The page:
July 18

The City and the Pillar by Gore Vidal (Random House 1995, orig. 1948)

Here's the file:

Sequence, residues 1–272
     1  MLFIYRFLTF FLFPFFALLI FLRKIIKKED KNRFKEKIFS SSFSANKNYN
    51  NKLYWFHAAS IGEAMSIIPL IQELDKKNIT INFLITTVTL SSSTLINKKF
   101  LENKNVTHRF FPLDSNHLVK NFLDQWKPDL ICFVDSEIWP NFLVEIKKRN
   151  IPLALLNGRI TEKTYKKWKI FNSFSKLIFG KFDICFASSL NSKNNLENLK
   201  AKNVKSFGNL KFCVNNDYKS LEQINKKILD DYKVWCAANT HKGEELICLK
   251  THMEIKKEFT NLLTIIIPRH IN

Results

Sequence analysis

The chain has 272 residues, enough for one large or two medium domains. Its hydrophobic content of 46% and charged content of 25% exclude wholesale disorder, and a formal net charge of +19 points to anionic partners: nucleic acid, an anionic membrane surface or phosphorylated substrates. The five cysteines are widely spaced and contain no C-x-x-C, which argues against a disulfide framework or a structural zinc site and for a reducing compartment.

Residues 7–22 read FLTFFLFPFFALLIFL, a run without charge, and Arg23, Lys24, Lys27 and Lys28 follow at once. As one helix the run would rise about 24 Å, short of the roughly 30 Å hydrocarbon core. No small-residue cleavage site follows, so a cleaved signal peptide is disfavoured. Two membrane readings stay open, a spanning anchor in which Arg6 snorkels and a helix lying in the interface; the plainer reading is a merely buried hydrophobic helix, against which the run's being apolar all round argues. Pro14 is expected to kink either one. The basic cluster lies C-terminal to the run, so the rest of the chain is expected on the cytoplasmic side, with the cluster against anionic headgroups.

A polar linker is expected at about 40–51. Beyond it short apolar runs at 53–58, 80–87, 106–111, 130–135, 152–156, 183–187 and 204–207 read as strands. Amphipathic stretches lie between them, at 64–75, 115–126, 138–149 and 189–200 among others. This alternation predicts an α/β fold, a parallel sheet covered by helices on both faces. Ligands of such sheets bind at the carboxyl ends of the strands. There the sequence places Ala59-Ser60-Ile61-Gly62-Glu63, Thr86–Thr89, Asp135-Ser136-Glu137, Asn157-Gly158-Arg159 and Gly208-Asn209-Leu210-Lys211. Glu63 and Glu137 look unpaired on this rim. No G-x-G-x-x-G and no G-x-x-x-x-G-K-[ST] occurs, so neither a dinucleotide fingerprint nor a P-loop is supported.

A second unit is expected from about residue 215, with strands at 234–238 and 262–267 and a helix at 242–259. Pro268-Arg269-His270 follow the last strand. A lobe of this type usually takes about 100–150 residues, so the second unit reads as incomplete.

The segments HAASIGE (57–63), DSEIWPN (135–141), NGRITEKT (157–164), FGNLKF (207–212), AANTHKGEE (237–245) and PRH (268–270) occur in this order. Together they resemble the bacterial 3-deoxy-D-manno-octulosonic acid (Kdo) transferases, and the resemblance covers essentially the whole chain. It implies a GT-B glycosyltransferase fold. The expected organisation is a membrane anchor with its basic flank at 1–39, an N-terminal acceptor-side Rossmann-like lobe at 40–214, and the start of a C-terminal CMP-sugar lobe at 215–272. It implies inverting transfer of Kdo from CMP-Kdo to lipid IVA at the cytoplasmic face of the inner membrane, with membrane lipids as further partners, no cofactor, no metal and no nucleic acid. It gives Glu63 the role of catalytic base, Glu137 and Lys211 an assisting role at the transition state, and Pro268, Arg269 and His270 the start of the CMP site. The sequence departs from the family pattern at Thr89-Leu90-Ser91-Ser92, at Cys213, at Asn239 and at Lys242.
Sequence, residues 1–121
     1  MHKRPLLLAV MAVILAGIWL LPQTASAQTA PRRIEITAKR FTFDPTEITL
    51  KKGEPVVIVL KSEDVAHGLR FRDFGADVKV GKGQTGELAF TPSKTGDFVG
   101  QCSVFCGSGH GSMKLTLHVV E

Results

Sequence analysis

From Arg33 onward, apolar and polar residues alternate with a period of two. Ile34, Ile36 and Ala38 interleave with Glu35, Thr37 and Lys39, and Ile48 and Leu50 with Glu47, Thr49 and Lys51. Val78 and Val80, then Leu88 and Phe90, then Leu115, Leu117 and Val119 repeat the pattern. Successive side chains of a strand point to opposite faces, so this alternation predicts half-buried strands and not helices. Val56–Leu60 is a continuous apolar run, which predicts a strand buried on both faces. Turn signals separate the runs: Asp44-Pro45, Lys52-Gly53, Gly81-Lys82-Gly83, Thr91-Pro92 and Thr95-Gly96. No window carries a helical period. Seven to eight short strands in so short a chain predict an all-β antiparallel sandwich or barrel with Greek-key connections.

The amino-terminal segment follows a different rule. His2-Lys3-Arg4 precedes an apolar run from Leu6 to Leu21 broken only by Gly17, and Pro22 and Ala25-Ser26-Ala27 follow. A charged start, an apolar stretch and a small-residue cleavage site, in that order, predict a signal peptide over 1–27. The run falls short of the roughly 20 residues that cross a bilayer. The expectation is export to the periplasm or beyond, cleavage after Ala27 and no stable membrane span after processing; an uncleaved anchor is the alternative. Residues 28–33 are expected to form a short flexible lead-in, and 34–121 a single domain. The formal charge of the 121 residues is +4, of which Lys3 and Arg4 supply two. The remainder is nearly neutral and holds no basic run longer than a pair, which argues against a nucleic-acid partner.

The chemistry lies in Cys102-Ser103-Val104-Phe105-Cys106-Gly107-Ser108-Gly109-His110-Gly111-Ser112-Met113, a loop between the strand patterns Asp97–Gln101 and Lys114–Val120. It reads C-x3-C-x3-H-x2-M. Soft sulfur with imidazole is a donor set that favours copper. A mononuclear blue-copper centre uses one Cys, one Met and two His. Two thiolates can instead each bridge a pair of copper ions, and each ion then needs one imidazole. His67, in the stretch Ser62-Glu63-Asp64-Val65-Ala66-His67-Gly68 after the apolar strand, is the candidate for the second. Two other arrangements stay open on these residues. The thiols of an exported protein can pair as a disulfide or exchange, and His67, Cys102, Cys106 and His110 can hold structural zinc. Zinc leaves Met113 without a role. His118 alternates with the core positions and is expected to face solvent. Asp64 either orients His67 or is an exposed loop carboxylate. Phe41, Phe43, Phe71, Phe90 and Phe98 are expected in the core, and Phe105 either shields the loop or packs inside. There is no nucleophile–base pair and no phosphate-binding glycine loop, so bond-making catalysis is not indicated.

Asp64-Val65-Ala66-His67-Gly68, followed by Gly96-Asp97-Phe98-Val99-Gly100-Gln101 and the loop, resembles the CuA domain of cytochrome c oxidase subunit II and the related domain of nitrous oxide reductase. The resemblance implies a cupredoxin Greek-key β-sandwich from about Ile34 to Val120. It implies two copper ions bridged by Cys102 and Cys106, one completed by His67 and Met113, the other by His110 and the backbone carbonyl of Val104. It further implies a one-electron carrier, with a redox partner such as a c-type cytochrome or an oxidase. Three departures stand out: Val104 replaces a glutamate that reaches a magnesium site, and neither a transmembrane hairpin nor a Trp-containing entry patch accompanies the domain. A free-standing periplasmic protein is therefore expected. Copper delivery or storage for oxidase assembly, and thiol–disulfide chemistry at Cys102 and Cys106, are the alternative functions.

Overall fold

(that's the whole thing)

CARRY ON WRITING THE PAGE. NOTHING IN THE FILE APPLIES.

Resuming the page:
It’s hard to believe this book caused such a furor on its publication in 1948. (Most major publications ignored it and then blacklisted Vidal’s subsequent books for the next six years; the NY Times refused advertising on its behalf.) Published the same year as the Kinsey Report, it must have seemed part of a concerted attack on American morals. In fact, it was the first notable volley of queer writing to appear in English by a respected author, and it remains one of the watershed novels of 20th century gay literature. Thomas Mann called it “noble” and “truthful.” In the original version, a teenager named Jim Willard has a sexual encounter with a fellow high-school student, Bob Ford. Bob leaves town to join the navy and Jim spends the next seven years trying to find him, which he does with tragic consequences. Vidal later revised the book, toning down the ending considerably in a version republished in 1965. While it has its charms, it’s not a very good book by any means, but back in the day it was the only game in town, so it’s not surprising so many gay men grew up on it.

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